radKIDS program teaches children self defense moves

Jul 25 2012 - 6:33pm

Images

(KERA WILLIAMS/Standard-Examiner)
Instructor Wes McKinney holds a pad while Xander Graupman, 8, practices what he learned during a radKIDS safety program at Ellison Park Elementary School in Layton.
(KERA WILLIAMS/Standard-Examiner)
Wes McKinney holds a dummy while Rachel Ferguson, 10, practices what she learned during the program.
(KERA WILLIAMS/Standard-Examiner)
Wes McKinney instructs children during a radKIDS safety program at Ellison Park Elementary School in Layton.
(KERA WILLIAMS/Standard-Examiner)
Wes McKinney holds a dummy while Brexton Creed, 9, practices what he learned during a radKIDS safety program.
(KERA WILLIAMS/Standard-Examiner)
Brooklyn McKinney, 5, practices what she learned during a radKIDS safety program.
(KERA WILLIAMS/Standard-Examiner)
Jared Ferguson, 9, practices his hitting.
(KERA WILLIAMS/Standard-Examiner)
Hailey McKinney, 7, hits a dummy to practice what she learned during a radKIDS safety program at Ellison Park Elementary School in Layton.
(KERA WILLIAMS/Standard-Examiner)
Instructor Wes McKinney holds a pad while Xander Graupman, 8, practices what he learned during a radKIDS safety program at Ellison Park Elementary School in Layton.
(KERA WILLIAMS/Standard-Examiner)
Wes McKinney holds a dummy while Rachel Ferguson, 10, practices what she learned during the program.
(KERA WILLIAMS/Standard-Examiner)
Wes McKinney instructs children during a radKIDS safety program at Ellison Park Elementary School in Layton.
(KERA WILLIAMS/Standard-Examiner)
Wes McKinney holds a dummy while Brexton Creed, 9, practices what he learned during a radKIDS safety program.
(KERA WILLIAMS/Standard-Examiner)
Brooklyn McKinney, 5, practices what she learned during a radKIDS safety program.
(KERA WILLIAMS/Standard-Examiner)
Jared Ferguson, 9, practices his hitting.
(KERA WILLIAMS/Standard-Examiner)
Hailey McKinney, 7, hits a dummy to practice what she learned during a radKIDS safety program at Ellison Park Elementary School in Layton.

LAYTON -- There was such a high demand for the radKIDS program -- which took place during the school year for Layton City's elementary students -- that the Layton City Police Department decided to move the national program to 10 of Layton City's 12 elementary schools this summer.

The department plans to finish the remaining two programs when school begins in the fall.

The summer schedule allowed the department's resource officers to reach out to 500 kids, ages 8 to 12 -- double the number of students reached during the regular school year.

During this week's morning session at Ellison Park Elementary, several of the 28 kids in attendance began chuckling when detective Jason Nordgran suggested they use their newly learned skills of hammer punches and pepper shots to the dummy he held.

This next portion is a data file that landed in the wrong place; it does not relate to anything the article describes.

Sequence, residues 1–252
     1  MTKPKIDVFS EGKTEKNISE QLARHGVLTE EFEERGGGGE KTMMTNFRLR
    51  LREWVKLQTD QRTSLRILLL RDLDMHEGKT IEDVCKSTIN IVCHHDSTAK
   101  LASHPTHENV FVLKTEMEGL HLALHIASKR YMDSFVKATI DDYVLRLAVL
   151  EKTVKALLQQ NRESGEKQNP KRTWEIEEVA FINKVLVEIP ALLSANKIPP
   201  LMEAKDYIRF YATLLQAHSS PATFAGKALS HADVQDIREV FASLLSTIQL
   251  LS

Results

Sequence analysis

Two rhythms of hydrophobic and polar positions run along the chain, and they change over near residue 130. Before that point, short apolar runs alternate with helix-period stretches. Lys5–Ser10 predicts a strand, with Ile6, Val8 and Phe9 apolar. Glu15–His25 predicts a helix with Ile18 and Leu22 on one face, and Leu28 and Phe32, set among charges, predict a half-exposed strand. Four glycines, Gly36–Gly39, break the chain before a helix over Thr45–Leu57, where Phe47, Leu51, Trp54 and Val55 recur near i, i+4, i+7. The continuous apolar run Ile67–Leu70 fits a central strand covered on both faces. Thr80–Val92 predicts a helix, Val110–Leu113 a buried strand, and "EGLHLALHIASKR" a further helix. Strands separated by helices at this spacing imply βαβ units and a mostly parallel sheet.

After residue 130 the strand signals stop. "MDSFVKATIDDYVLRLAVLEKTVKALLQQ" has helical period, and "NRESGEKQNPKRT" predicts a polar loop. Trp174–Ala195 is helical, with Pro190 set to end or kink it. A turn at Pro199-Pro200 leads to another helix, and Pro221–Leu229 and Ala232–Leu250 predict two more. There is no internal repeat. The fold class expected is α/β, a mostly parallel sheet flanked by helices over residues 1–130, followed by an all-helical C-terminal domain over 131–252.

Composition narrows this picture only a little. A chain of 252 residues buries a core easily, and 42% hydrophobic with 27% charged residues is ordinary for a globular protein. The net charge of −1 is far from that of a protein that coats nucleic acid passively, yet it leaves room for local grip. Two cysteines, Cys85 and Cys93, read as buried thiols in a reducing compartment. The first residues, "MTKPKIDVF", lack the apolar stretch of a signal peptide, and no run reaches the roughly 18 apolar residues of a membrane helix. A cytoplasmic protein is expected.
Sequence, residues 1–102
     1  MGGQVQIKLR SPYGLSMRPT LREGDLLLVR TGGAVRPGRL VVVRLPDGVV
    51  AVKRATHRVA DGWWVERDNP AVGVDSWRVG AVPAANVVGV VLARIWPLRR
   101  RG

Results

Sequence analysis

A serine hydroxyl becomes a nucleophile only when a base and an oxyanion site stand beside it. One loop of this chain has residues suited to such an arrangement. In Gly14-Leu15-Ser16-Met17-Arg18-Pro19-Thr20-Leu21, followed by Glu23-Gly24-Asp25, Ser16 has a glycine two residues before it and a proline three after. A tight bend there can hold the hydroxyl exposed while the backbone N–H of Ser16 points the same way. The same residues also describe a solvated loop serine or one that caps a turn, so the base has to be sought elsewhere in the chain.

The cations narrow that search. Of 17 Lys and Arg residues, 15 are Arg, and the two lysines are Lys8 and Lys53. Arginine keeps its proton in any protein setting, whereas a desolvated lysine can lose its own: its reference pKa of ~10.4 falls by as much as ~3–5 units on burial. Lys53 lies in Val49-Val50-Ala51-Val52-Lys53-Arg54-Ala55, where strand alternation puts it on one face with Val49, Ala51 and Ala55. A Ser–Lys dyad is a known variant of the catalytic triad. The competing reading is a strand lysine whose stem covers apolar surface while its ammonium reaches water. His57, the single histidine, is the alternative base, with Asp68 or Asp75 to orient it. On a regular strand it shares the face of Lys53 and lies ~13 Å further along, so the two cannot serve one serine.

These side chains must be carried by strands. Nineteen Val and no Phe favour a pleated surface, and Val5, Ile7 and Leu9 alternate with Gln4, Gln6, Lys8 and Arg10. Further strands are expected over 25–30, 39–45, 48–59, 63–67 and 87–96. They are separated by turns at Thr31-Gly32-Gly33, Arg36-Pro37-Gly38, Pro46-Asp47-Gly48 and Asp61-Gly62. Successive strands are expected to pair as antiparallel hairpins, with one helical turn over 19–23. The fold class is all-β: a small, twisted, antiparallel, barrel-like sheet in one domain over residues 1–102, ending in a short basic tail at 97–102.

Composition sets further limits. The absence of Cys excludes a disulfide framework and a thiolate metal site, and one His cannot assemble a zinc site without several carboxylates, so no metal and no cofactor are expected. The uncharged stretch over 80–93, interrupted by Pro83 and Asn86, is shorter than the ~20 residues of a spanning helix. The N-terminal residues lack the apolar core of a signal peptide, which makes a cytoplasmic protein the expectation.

However, the kids quickly learned it was no laughing matter when the detective grasped their arm and didn't let go until they had hit the dummy hard enough for Nordgran to let go and they could run away to the safe zone.

"The idea is to teach these children that they don't have to comply with a strange adult, that they can resist," said Nordgran. "Statistics show that if they don't resist, they have a 3 percent chance of getting away. But if they do resist, they have a 53 percent chance of escaping; and, if they injure their attacker, it goes up even higher."

At first, 8-year-old Grace Kimber of Layton wasn't sure what to think when it was her turn to defend herself against the dummy. But she quickly learned it wasn't as hard as she thought it would be.

"It ended up being pretty easy and was my favorite part because it was so fun," said Kimber.

Her mom, Kristin, said she hopes her daughter gains more confidence from the class.

"Last year, she wasn't 100 percent confident riding her bike to school, so I'm hoping she gets more safety skills to feel safe when riding her bike to school."

One of the highlights of the course for Nordgran is watching the young kids break out of their shells and recognize that they can do something to get away. By teaching them the radKIDS stance -- with their hands up in defense position -- and yelling loudly, "stand back," then hitting hard, and running fast, kids can put up enough resistance to give them a fighting chance.

Some of the students who were a part of the program during the school year are going through the program a second time, which Nordgran is happy to see.

"By repeating the class, they further ingrain the skills to make sure they are available if they ever need them," said Nordgran. "By teaching them, they have something to fall back on and they build that confidence where they can do something. Some training is better than no training."

During the training, it's easy to see that many of the kids have small hands and wrists, incapable of punching an adult hard enough without injuring themselves, which is why the radKIDS moves are designed to protect their small fingers and hands.

They are taught to use a hammer strike, which is a simple technique that targets an attacker's nose using the meatier part of a child's fist. The pepper strike has the children putting all of their fingers together to poke at a suspect's eye, which decreases the chance of one of their fingers breaking.

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